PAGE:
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when it was made, as a correct account. It must not contain any of the elements of hearsay, and it will therefore be inadmissible if it appear to be the statement of a third person; as where it had been drawn up by such a person from the witness's own memoranda; or even if it be a copy made by the witness himself from his own original memoranda.1 This rule is consistent with the general principles of secondary evidence, by which the copy of a copy, unless in the nature of a duplicate original, is entirely inadmissible; and there appears to be neither principle nor authority to support the personally eminent opinion of Mr. Phillipps, that the copy of an original memorandum, made by the witness himself from his own original, would be admissible.2 It must be remembered, that the original memorandum is itself not primary, but secondary, evidence; that it is itself not an original, but a transcript and copy of the witness's own cotemporaneous knowledge, which in its oral form would be the strictly primary and original evidence. Therefore, if the copy of a memorandum were admissible to refresh a witness's memory, there would be no reason why the examined copy of an examined copy of an original document should be, as it clearly is, inadmissible. Mr. Phillipps puts a case of a witness making a memorandum, then a copy of such memorandum, and then destroying the original; and supposes that in such a case the witness might refresh his memory from the copy. But, independently of an objection that the witness would be taking advantage of his own wrong or carelessness, it is clear that such a writing would be open to all the objections which attach generally to the copies of a copy. This view corresponds with the express dictum of Patteson, J., in Burton v. Plummer,3 that "the copy of an entry, not made by the witness contemporaneously, does not seem to be admissible for the purpose of refreshing a
1 Jones v. Stroud, 2 C. & P. 196.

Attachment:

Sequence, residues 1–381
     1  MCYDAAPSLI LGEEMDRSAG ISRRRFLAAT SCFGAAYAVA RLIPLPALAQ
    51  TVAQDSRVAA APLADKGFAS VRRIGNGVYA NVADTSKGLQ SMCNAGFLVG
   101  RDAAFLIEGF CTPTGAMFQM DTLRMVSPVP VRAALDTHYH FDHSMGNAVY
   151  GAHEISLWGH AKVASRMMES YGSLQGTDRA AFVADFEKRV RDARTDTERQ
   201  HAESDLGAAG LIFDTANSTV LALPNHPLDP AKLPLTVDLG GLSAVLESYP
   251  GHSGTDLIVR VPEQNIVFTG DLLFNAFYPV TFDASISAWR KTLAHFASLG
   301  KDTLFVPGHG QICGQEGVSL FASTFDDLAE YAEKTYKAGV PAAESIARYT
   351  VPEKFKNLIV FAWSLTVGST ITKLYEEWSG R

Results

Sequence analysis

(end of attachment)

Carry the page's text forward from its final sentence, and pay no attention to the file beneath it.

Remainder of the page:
2 Phill. 486.
3 2 A. & E 343.
witness's memory." The cases where such a privilege appears to have been conceded, as where the author of a written report, or an article in a newspaper,2 has been allowed to refer to the printed versions, are cases where such printed versions appear to have been treated as originals, and not as copies.3
An adverse party will have a right to cross-examine as to the particular entries on which the witness relies ; but if he examines as to collateral or other entries, he makes them his evidence.4
Horne v. Mackenzie, 6 Cl. & Fin. 628. 2 Topham v. M'Gregor, 1 C. & K. 320. 3 Cf. Tayl. 1093.
4 6 C. & P. 281.
ON MATTERS WHICH ARE REQUIRED TO BE PROVED BY WRITING-THE STATUTES OF FRAUDS-OF LIMITATIONS-OF PRESCRIPTION.
MANY matters can be proved only by deed or other writing; and, in such cases, oral evidence, however distinct and direct, is wholly inadmissible.
Such as advowsons, rents, remainders, reversions, profits à prendre, and easements, can be created or assigned only by deed, and must therefore be proved by deed.1 Thus a ticket of free admission to a theatre or a race course is insufficient evidence of a title to enter, unless it be by deed.2
CONTRACTS BY CORPORATIONS.
Contracts and acts done by corporations, must generally be by deed; and can therefore be proved only by a deed bearing the corporation seal.3
This rule is an ancient principle of common law, and still remains abstractedly unmodified. But practically a large class of exceptions has been engrafted on it, and their accumulative result appears to be that minor contracts, and other matters which are essentially
1 Tayl. 782
2 Wood v. Leadbitter, 13 M. & W. 842.